According to Wikipedia (and you know how right they are), "In November and December of 2006, Mojica Marins shot the third installment of his Coffin Joe trilogy, Encarnação do Demônio (The Embodiment of Evil). The film completes the storyline that began with At Midnight I'll Take Your Soul and continued in This Night I'll Possess Your Corpse. Distributed by 20th Century Fox, The Embodiment of Evil is scheduled to premiere in Brazil on March 13, 2008, Mojica Marins' 72nd birthday."

The top-hatted and caped Joe popped up in a number of Mojica Marins' films through the years, most notably the trippy, acid fest, Awakenings of the Beast (1969), which was banned for almost two decades in Brazil, but there's been a sizable lull since his last appearance.

Please, please be right about this one, Wiki.

*Note: Both clips are in Portuguese, but the lack of English subtitles does nothing to lessen their impact.


- Phil Morehart





Double feature of weirdness time!

Brazilian filmmaker Jose Mojica Marins' Coffin Joe horror films from the '60s are spectacular. Surreal, psychedelic and unsettlingly spooky, the films follow the demonic undertaker Coffin Joe (played by Mojica Marins) as he terrorizes a small town looking for the perfect woman to rear his spawn. The clips above showcase the wild opening title sequences from the first two Coffin Joe films: At Midnight I'll Take Your Soul (1963) and This Night I'll Possess Your Corpse (1966). Both hint perfectly at the surprises that await inside.*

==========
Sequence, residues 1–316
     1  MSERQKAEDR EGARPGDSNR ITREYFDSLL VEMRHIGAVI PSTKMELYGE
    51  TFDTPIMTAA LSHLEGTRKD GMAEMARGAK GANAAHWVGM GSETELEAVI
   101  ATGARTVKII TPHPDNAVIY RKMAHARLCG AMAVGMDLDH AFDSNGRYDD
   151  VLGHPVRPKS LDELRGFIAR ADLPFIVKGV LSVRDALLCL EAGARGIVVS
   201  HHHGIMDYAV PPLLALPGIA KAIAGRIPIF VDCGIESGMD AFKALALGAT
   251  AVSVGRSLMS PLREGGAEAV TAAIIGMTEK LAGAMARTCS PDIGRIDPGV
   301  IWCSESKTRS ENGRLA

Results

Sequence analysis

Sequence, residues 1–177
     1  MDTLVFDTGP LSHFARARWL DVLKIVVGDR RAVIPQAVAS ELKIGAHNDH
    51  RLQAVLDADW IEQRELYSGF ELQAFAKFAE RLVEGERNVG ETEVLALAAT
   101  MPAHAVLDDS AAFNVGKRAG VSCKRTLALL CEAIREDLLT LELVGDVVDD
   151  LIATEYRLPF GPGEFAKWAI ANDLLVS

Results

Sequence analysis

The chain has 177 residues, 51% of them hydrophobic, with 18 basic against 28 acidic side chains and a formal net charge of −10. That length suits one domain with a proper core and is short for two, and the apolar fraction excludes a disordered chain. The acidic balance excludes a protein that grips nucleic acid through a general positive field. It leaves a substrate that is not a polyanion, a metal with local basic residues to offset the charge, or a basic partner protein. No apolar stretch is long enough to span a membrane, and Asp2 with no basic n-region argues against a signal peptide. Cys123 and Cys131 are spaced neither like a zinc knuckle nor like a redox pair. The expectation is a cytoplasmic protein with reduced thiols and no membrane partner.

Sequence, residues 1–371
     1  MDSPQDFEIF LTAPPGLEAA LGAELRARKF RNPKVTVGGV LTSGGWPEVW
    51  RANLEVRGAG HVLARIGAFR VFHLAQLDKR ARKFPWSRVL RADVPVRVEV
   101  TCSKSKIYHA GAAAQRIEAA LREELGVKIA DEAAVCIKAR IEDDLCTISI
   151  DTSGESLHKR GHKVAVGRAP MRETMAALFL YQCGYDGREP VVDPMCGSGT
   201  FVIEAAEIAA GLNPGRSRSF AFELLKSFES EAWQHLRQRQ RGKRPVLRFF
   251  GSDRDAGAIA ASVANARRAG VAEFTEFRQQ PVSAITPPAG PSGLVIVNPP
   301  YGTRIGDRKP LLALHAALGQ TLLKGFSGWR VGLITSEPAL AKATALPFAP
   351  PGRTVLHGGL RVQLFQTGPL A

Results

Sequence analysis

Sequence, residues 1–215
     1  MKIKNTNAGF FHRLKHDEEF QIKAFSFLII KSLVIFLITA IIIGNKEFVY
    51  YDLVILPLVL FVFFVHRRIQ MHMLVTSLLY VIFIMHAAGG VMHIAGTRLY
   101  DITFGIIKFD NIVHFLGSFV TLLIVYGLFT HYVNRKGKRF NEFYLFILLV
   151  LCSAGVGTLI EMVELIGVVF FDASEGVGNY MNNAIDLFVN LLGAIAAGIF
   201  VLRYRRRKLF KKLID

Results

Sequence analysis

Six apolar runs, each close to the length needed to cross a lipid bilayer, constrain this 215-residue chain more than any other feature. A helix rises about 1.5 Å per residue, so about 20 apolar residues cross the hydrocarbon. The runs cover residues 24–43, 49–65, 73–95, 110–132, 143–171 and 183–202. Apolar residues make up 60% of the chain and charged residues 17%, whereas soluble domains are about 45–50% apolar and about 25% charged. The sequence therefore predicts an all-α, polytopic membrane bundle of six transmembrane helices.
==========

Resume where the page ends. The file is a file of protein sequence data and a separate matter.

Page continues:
According to Wikipedia (and you know how right they are), "In November and December of 2006, Mojica Marins shot the third installment of his Coffin Joe trilogy, Encarnação do Demônio (The Embodiment of Evil). The film completes the storyline that began with At Midnight I'll Take Your Soul and continued in This Night I'll Possess Your Corpse. Distributed by 20th Century Fox, The Embodiment of Evil is scheduled to premiere in Brazil on March 13, 2008, Mojica Marins' 72nd birthday."

The top-hatted and caped Joe popped up in a number of Mojica Marins' films through the years, most notably the trippy, acid fest, Awakenings of the Beast (1969), which was banned for almost two decades in Brazil, but there's been a sizable lull since his last appearance.

Please, please be right about this one, Wiki.

*Note: Both clips are in Portuguese, but the lack of English subtitles does nothing to lessen their impact.


- Phil Morehart

Monday, October 15, 2007